A group within U.S. Central Command (CENTCOM) has issued what's called a
"Red Team" report, which is designed to challenge official thinking and
to question institutional assumptions. This particular report allegedly
makes the contrarian case that the U.S. should cease its long-held
policy of isolating and marginalizing Hamas and Hezbollah, the terrorist
insurgencies that reside in the Palestinian territories and in Lebanon,
respectively. The Red Team report suggests that the U.S. consider
bringing the groups into the moderate mainstream by engaging with them
politically. Is the CENTCOM Red Team onto something? Or is it completely
- This Is Not Official CENTCOM Thinking Spencer Ackerman cautions, "Those sorts of intellectual provocations are what red cells are for — to challenge leaders’ assumption." He describes this as "deliberately provocative piece thinking through the implications of U.S. military." It's not the U.S. military's, or even CENTCOM's, official position at all. He praises the exercise as evidence that "the officers in SOCOM and CENTCOM aren’t willing to lobotomize themselves."
- How This Would Work Foreign Policy's Mark Perry, breaking the story, explains:
Among its other findings, the five-page report calls for the integration of Hizballah into the Lebanese Armed Forces, and Hamas into the Palestinian security forces led by Fatah, the party of Palestinian Authority President Mahmoud Abbas. The Red Team's conclusion, expressed in the final sentence of the executive summary, is perhaps its most controversial finding: "The U.S. role of assistance to an integrated Lebanese defense force that includes Hizballah; and the continued training of Palestinian security forces in a Palestinian entity that includes Hamas in its government, would be more effective than providing assistance to entities -- the government of Lebanon and Fatah -- that represent only a part of the Lebanese and Palestinian populace respectively" (emphasis in the original). The report goes on to note that while Hizballah and Hamas "embrace staunch anti-Israel rejectionist policies," the two groups are "pragmatic and opportunistic."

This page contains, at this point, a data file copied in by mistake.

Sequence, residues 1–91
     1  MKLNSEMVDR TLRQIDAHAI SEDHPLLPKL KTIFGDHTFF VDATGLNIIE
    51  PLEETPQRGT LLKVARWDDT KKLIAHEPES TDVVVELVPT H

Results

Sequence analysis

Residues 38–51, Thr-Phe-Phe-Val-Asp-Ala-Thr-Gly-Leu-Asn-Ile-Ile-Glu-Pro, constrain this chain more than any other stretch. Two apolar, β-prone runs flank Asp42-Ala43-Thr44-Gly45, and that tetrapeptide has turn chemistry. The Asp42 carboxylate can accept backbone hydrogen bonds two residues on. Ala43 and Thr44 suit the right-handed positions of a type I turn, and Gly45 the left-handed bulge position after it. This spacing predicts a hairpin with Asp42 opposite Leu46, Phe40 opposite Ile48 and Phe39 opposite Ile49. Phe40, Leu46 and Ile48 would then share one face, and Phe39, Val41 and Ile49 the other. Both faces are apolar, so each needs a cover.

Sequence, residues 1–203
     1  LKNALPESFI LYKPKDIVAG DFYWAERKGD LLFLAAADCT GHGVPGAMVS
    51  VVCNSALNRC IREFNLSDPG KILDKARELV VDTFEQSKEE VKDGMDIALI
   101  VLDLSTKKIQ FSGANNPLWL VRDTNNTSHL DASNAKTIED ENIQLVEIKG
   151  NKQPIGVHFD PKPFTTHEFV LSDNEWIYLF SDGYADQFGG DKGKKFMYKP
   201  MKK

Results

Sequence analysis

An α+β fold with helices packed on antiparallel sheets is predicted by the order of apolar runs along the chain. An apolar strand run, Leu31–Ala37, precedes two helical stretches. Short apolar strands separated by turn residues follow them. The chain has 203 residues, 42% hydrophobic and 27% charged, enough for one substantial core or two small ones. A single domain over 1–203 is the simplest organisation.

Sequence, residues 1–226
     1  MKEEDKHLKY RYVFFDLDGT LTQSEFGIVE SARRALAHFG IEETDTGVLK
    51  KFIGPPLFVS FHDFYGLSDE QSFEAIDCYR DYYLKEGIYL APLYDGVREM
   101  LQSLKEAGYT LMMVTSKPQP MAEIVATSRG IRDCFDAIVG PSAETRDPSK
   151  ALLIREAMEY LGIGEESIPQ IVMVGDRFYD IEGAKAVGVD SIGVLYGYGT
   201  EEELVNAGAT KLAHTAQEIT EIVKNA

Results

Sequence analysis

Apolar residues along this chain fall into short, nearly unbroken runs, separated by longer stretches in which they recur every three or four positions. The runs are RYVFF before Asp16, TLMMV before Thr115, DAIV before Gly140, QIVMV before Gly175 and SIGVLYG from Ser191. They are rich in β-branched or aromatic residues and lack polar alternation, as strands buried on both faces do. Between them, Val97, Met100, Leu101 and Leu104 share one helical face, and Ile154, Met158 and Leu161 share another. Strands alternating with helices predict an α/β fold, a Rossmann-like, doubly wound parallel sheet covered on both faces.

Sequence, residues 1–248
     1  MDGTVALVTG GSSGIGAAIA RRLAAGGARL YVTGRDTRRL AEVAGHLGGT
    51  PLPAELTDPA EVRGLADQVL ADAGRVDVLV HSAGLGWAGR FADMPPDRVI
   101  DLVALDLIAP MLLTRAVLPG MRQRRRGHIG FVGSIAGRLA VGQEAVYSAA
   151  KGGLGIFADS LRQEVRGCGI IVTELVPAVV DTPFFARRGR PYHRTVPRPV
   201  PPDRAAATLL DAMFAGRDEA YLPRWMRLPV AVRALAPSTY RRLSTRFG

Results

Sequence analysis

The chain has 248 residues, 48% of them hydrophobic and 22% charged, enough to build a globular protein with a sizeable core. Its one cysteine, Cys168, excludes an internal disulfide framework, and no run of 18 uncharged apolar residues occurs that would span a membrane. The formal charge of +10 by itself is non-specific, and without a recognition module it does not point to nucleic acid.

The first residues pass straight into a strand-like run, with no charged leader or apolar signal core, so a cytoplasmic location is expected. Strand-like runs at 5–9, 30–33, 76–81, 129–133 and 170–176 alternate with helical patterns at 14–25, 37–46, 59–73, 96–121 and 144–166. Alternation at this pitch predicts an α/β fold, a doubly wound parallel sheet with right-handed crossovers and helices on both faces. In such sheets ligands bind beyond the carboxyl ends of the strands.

- If True, Our Best Option Al Jazeera's Gregg Carlstrom writes, "If the US wants to change policy, it really has two courses of action. One is to modernize the [Lebanese Armed Forces] until it's capable of a 'hostile takeover,' so to speak. But this is a recipe for civil war, and it's also unlikely to happen for two big reasons: The US won't send Lebanon advanced military equipment because it could be used against Israel; and many Lebanese politicians, even those who are not necessarily pro-Hizballah, view the militia as a useful deterrent against Israel. The other is to encourage an intra-Lebanese political reconciliation process, similar to what CENTCOM's Red Team report proposes. We shouldn't overstate Washington's ability to drive this process -- particularly given its limited contacts with Hizballah -- but it can certainly offer some guidance."
- Why This Could Be Illegal The American Prospect's Adam Serwer warns, "if they one day decided they wanted to pursue a path of reintegrating Hamas and Hezbollah back into the LAF and Fatah respectively, they'd have some trouble. The recent ruling in Holder v. Humanitarian Law Project makes it difficult for the kinds of civilian NGOs with post-conflict expertise that can help with this kind of reconciliation work to actually contribute, because if they did they'd come dangerously close to providing 'material support for terrorism.' The law makes it illegal for such groups to coordinate with designated terror groups even if they're doing so for nonviolent purposes. Oops."